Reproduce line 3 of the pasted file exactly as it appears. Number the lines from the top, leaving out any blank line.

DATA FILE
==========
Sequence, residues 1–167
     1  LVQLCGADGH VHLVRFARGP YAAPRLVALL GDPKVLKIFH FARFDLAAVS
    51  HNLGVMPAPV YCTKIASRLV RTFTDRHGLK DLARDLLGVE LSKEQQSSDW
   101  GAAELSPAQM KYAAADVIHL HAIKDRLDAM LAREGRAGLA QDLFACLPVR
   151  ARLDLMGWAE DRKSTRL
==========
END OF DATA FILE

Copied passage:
    51  HNLGVMPAPV YCTKIASRLV RTFTDRHGLK DLARDLLGVE LSKEQQSSDW